6 mistakes beginner investors make and how to avoid them

It is only human to make mistakes, and that goes for every area of your life. But be it in relationships, family, work or investments, that doesn’t mean you can’t learn from your mistakes or prevent them altogether by learning from other people’s mistakes.

We listed 6 investment mistakes that beginners make so you don’t have to make them:

1. All in one

When a beginner wants to start investing, it’s normal that he or she accepts recommendations from a friend or a content creator. Being a novice who doesn’t know much about the various asset classes and different platforms, a new investor might feel the urge to apply all their money wherever recommended, putting all their eggs into one basket. And that can be a mistake. Diversification is vital for any investor to help mitigate their risks.

On average, it’s expected that well-diversified portfolios will generate higher long-term returns with lower risks to the investor. And who doesn’t want that?

That's not a clever strategy
Thats not a clever strategy.

2. Investing everything

Common advice among investing experts is to only invest money that you can afford to lose.

However, beginner investors who are eager to make money may get too excited when they see how they gain returns. That’s understandable, especially if their money was previously sitting in a bank account with little to no yields.

We know that feelings heavily affect our decisions, so if these now-I’m-making-money vibes take the best of someone who is just starting, it’s possible that they’ll put all their available money in that investment.

Instead, new investors could benefit from being cautious, studying all the investment options they’re interested in, weighing the risks and then planning and making progressive moves. Don’t rush, go slowly at your own pace, and make sure you make informed decisions.

3. No plan

Some apprentice investors add their money somewhere and never check it, never study more about the subject, and never reallocate their money when necessary. They just let their funds drift off without a real sense of what’s going on or where that strategy will lead to.

Instead, have a financial plan. How much do you want to diversify your portfolio and in what time frame? How much do you want to invest or gain? What will be your monthly investments? How often will you check your investments and rebalance your portfolio? Are you aiming for long-term or short gains?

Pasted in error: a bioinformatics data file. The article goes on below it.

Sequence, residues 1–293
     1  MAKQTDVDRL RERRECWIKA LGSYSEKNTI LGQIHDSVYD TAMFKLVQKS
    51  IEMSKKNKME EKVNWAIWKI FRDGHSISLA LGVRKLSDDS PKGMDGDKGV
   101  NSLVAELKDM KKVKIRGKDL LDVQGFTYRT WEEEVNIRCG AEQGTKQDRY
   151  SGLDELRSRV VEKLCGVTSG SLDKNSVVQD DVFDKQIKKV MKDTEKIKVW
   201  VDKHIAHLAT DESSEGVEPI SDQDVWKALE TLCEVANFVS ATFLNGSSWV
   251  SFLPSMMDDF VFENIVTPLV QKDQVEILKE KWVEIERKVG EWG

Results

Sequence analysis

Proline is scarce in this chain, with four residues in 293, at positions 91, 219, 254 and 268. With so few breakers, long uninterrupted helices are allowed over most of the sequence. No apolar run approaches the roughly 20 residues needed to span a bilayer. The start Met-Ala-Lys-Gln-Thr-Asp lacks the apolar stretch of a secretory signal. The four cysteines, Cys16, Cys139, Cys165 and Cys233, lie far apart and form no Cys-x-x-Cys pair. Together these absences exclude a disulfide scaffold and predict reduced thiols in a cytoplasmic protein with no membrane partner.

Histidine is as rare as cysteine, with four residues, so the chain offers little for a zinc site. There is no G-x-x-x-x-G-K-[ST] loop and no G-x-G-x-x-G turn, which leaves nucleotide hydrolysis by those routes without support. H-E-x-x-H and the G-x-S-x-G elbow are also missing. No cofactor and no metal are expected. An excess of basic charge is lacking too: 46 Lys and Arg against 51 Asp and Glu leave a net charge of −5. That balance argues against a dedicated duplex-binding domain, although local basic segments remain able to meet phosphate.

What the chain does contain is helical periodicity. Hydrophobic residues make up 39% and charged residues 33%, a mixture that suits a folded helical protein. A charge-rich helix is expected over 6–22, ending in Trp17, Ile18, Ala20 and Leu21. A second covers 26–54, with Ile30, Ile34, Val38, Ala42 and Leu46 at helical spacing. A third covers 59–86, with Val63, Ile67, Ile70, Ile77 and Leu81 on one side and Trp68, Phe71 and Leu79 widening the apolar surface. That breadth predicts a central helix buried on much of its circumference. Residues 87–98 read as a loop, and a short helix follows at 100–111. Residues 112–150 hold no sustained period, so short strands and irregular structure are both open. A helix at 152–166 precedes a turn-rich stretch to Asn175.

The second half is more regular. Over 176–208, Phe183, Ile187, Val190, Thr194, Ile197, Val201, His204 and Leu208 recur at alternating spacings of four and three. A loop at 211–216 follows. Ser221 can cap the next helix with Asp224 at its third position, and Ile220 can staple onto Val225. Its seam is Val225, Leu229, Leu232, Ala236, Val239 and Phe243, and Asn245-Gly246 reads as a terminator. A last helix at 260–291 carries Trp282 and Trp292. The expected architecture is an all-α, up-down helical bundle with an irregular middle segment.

There are many ways to create an investment and financial plan, but even just putting some rough numbers on a piece of paper is better than not planning at all. A plan is like a map that will help you reach the destination of your dreams.

Planning is like building a path to what you want to achieve
Planning is like building a path to what you want to achieve.

4. No due diligence

Everyone can fall victim to “opportunities” that are too good to be true, but that’s especially the case with investing newcomers.

It’s important to remember that all investment options come with a form of risk. Understanding these risks is important so you know what you are getting yourself into. If someone is offering you “no risk” or “zero risk” investments, run away. If they offer gigantic return rates, be suspicious.

Instead, research the platform or asset you want to invest in, understand how it works, check online reviews and never ever believe in offers that are simply too good to be true. Also, use recommendations from bloggers/influencers/friends as good starting points, but never follow blindly—take the time to do your own due diligence.

5. Silly expectations

When you discover the world of investing and see your money grow and learn about the power of compound interest, it’s hard not to get excited. And that’s OK. But investments are—for the most people—not a way to get rich quick.

If getting rick quick is what you’re after, it will likely lead to pitfalls. Instead, be realistic with your expectations, write down the numbers, make a long-term investment plan and stick to it, adapting only when necessary.

Craving quick returns might lead to 2 possible scenarios:

  • Falling victim to shady schemes
  • Risking too much, too quickly

In both scenarios you could end up losing all your money, so be careful and don’t think that investing will be like winning the lottery.

Set realistic expectations
Set realistic expectations.

6. Rushed decisions

Being under stress, experiencing anxiety or even excitement, changes the way we feel, think and make decisions. It can impact how you deal with your money and cause you to make irrational, unplanned decisions.

Instead, try to make decisions with a clear mind, based on information—not emotions—and consulting with a financial advisor if necessary.

Now you know the 6 most common mistakes beginner investors make and how to avoid them. Inform yourself, plan ahead and don’t make hasty decisions. If you think with a clear head, you’re more likely to achieve success!

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